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BECOMING ROBIN HOOD World Premiere at Berkeley Playhouse


Review by Vince Mediaa

There are heroes in the making this summer at the Julia Morgan stage in a swashbuckling new musical BECOMING ROBIN HOOD. The Berkeley Playhouse World Premiere production is now on stage through June 25th. The comedy musical is created by Laura Marlin and Phil Gorman, local artists with longtime ties to the Berkeley Playhouse. Ten years in the making, the creators are two local artists who have put their own spin on this classic tale of good vs evil. The musical was first workshopped with youth actors in Berkeley Playhouse’s 2022 YouthStage Season and later adapted for this MainStage production. This production is performed by both adult and youth actors.

Directed by the clever Kimberly Dooley she says “I love how this show celebrates community. It's full of wit, charm and hilarity, and also explores friendship, honor, and how important it is for young people to find their own unique voice and their own way of making the world better.” This new musical includes music director Michael Patrick Wiles, and is choreographed by Cat Reyes. The Marlin and Gorman’s musical include several new characters to the Robin Hood fable; Wren played by the lively Tosca Maltzman. The unlikely hero Cooper, played by the marvelous Romelo Urbi and Phoebe played by the terrific Erika Cospin, do their best to take on the roles of outlaws and rebels. While the iconic characters of every Robin Hood tale; Friar Tuck played by local favorite Billy Raphael, The Sheriff played the incredible DC Scarpelli and Little John played by the ideal Paul Plain add to the original story.

The company opens the two hour musical with the song “Old Stories” that features the entire cast where we meet Cooper. A young man more passive and lanky to be a hero or a bandit played by Urbi. Alongside Cooper is Wren and Phoebe, two Nottenham women from the same village that set up a festival to honor Maid Marian and both sing “Maid Marian Festival”. This version of the Sherwood Forest story explores community and what makes a hero. The citizens of Nottingham are stressed under the rule and tyranny until a few unlikely characters take on the identity of a heroic outlaws who try to share the wealthy's riches.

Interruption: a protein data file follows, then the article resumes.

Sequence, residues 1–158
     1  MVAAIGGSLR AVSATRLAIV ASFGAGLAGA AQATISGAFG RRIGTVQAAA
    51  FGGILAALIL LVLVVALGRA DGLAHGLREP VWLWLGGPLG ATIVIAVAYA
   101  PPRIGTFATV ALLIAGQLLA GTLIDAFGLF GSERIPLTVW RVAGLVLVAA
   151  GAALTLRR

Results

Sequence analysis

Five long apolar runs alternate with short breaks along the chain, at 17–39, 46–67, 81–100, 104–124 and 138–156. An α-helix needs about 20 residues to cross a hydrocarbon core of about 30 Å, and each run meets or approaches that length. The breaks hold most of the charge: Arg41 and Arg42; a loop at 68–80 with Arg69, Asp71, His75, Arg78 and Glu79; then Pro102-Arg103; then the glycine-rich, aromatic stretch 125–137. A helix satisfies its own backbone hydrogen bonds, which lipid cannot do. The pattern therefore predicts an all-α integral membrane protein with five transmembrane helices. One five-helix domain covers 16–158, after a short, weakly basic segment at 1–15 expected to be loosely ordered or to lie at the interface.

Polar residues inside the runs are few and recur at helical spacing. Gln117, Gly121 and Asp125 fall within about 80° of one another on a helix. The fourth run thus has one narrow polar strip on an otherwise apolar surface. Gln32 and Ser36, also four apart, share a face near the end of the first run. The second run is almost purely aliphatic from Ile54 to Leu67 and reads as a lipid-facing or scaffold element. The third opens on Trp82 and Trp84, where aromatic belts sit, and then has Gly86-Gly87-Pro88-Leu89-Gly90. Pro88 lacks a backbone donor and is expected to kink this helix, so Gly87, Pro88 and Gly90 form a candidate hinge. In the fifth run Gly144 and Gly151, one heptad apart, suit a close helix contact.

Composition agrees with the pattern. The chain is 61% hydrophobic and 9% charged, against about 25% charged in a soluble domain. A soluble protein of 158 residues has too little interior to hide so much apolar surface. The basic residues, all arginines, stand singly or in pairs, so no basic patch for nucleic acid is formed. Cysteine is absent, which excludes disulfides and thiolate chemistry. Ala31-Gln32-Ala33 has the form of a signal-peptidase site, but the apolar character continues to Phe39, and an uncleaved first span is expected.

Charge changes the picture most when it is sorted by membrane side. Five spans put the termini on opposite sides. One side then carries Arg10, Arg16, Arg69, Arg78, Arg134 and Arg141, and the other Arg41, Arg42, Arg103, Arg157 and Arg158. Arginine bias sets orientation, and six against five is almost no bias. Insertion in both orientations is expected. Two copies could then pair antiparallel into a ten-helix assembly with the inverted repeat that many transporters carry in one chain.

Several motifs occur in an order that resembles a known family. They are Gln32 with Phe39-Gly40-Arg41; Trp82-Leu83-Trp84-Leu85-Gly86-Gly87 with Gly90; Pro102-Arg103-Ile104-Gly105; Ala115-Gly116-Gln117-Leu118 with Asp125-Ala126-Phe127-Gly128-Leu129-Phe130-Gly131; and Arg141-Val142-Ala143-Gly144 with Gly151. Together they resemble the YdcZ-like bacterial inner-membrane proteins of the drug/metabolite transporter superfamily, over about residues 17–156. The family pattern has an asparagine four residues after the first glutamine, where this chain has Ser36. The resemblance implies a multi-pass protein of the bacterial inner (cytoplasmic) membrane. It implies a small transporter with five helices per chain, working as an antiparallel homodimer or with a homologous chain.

Scarpelli is a highlight in this story who steals the show with his evil wit. The Sheriff is featured in the pop song “Welcome To Tyranny” that stops the show with its full throttle high energy choreography by Reyes. Alongside the Sheriff are his two thug guards played by the impressive Nico Jaohico who plays Smudgestick and the snide Pennyroyal played by the super Christian Arteaga. In a forest ruled by greed, the villagers rise up and take aim against the rich Nottingham Sheriff. The splendid vocals of Urbi as Cooper sings his first act solo "What Woud It Take to be Hero" the theme to his role as he discovers Robin Hood. This new story makes it clear that anyone can be a hero and shoot a bow and arrow with pride.

During the festival the misguided Cooper is chosen to take on the Sheriff along with the help of Friar Tuck and Little John. Urbi, Plain and Raphael show off their strong voices in the song “Merry Men” along with the keen Kacie Jean Hennesy as Moxy who makes sure Cooper's arrows hit the target. The yet to be named merry men travel the forest as Cooper learns to wear a green hoodie. To hide his identity the company sings “Robber In A Hood”. Cooper deals with his new banner as they accidentally take some goods from wealthy travelers. Cooper becomes a robber in a hood or “Robin Hood.” Billy Rapheal as Friar Tuck sings “Is It Right To Steal” with the merry men and the guards, as always Rapheal shows off this amazing tenor voice. Copsin as Phoebe sings a wonderful solo “A Different Kind” that brings her rebel task to be a hero.